President Obama today announced his administration's reluctant agreement to work with Russia and Iran to defeat ISIS and Al Qaeda in the Middle East. This will no doubt be met with howls of "Weakness!" and "leading from behind" by Mr. Obama's Republican detractors.
We may even hear the tired "appeasement" argument trotted out regarding both Russia's and Iran's supposed ambitions to expand their territories.
Republicans have consistently criticized Obama for not being aggressive enough on the world stage and for pulling back too early from Iraq and Afghanistan. With the emergence of ISIS, the GOP has seized the opportunity to quash more reasonable foreign policy positions from candidates like Rand Paul and push for sharper increases in military spending and even more aggressive foreign intervention.
The argument we hear repeatedly from Republican presidential candidates is that Obama has "eviscerated the military" and "led from behind." If the United States is not "engaged" (i.e., bombing or invading) in all crises at all times in every part of the world, emerging powers like Russia or China are going to fill the resulting vacuum. That raises an obvious question:
Personally, I don't buy into the worldview that "grown-up" nations like the United States or Great Britain are either justified or capable of policing anyone. Just take a look at their results so far. But if there is any benefit to the so-called First World policing the Third, why can't Russia shoulder some of the responsibility for the regions just outside its borders? Why can't China police the South China Sea?
Interventionists from both parties talk about international relations like they're playing Stratego, where one nation has to win and every other has to lose. Voters are too willing to accept that ridiculous assumption, instead of asking some pretty obvious questions:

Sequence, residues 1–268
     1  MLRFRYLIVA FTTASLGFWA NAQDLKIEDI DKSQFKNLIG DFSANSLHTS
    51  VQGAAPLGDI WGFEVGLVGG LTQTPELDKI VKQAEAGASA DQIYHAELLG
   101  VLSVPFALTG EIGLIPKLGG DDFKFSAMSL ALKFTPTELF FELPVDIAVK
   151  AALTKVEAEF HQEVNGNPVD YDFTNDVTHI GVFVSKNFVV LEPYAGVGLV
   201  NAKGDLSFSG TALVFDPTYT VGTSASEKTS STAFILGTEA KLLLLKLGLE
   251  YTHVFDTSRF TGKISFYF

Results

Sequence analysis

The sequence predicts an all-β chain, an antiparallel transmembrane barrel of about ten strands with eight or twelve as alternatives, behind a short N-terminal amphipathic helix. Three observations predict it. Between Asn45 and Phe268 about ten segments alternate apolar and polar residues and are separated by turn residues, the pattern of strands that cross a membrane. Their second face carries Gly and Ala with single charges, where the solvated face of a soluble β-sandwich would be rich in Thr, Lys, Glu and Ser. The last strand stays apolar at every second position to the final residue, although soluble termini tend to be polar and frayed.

How do American taxpayers benefit by subsidizing Syrian rebels?
How are they harmed if Assad stays in power?
Why should they care if China is the dominant naval force in the sea bearing its name?
What benefit did they derive from the Ukranian revolution and how will they be harmed if it is reversed?
All of these are derivative of the ultimate question every American should be asking their elected officials, in both parties:
How did American taxpayers become financially responsible for the liberty and security of every soul on the planet and when will this responsibility end?
After the fall of the Soviet Union in 1991, the neoconservative Project for a New American Century (PNAC) posited that the United States had twenty years to do anything it wanted on the world stage before a new superpower would likely emerge to challenge it. One key objective of PNAC was to topple Middle Eastern governments and "remake the Middle East" into a region dominated by new, Western-style democracies.
The United States has pursued this insane vision under both the Bush and Obama administrations, deposing Saddam Hussein, Muammar Ghaddafi and Hosni Mubarak among others. Have American taxpayers benefited from the results? How?